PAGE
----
Many ACO and network leaders have made investments galore in population health management, yet struggle to articulate their progress. They wrestle with questions like how the mix of investments matches up to their risk profile, if their strategy is right for the market, what the ROI is across efforts, or how their overall approach compares to similar organizations.
But while there's no such thing as a linear path to value-based care success, there are iterative milestones that allow organizations to plot themselves along a spectrum.
The four stages of maturity
A few weeks ago, we surveyed leaders from over 30 health systems to help them with this exact challenge. The respondents ranged from those just getting started to those who are fully submerged in value-based care delivery; were primarily larger, integrated delivery systems; and represented markets in 29 states, both rural and urban.
We mapped the organizations across four broad stages of maturity, based on an Advisory Board segmentation model that was designed using industry research on population health management. (The model has five stages, but we left out The Skeptic for the purpose of this discussion).
I’ll start by sharing one of the most obvious hallmarks of maturity—the number and flavor of risk-based contracts. Here’s a snapshot of what we found to be common within each stage:
In looking at these averages, you might have the urge to drop yourself into one of the four stages based on your organization's portfolio of contracts. But to truly understand population health maturity, you have to dig a few levels deeper and also account for factors such as:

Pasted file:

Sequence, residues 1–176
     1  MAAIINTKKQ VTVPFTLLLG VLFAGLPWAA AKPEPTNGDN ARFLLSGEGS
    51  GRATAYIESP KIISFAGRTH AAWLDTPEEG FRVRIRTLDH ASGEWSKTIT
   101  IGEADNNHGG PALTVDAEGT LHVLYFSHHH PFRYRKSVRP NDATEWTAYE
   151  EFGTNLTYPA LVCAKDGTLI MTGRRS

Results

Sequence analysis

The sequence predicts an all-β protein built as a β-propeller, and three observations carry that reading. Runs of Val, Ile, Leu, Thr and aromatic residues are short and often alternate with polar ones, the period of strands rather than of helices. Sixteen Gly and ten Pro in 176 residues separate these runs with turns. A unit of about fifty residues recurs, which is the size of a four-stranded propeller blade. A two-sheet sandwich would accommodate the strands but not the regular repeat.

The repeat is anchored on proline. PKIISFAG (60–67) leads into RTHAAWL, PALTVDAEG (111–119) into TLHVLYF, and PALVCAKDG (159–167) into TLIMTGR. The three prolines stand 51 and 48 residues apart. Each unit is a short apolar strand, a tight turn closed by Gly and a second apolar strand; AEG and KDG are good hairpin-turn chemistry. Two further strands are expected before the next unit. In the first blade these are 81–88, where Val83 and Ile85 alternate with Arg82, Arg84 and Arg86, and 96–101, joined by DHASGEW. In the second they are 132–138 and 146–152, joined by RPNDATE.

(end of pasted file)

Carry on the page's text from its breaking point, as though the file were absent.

- Market positioning
- Care management infrastructure
- IT integration
- Financial management
- Network adequacy
Our survey analysis and segmentation exercise was informed by all of the above factors, with the goal of pinpointing the most striking areas of strength and weakness across the board.
The four key takeaways
Collectively, we found that organizations are pretty confident in the sufficiency of their physician networks and their ability to identify gaps in care and move the needle on quality.
However, most feel weaker on things like in-network utilization (a particular point of difficulty) and expanding care management capabilities to include behavioral health and non-clinical resources. And while organizations are mostly confident in their ability to measure traditional financial performance, many are unsure of how to build a pro forma for value-based care—which gives a full picture of the financial impact, including market share gains and efficiency improvements, for a cumulative economic projection.
We all know there’s a lot to get a handle on for success under value-based care. But overall, here’s what we found that separates the most advanced organizations from the rest:
- They make investments in capabilities and network assets to match their risk profile
- They have a highly engaged physician network with an aligned compensation model
- They have strong post-acute partnerships, and also offer non-clinical patient resources
- They leverage system-wide technology to analyze in-network utilization, and report on cost and quality
We recognize that organizations have different end states, with some driving towards population health leadership in their market and others preferring a more targeted strategy. Wherever you fall along the stages of maturity, the primary goal is to keep a healthy balance of risk to assets—so you’re not in a position where you’ve taken on value-based care contracts but don’t yet have the capabilities to make them successful, or you've invested significantly in the underlying assets but are still stuck in a fee-for-service world.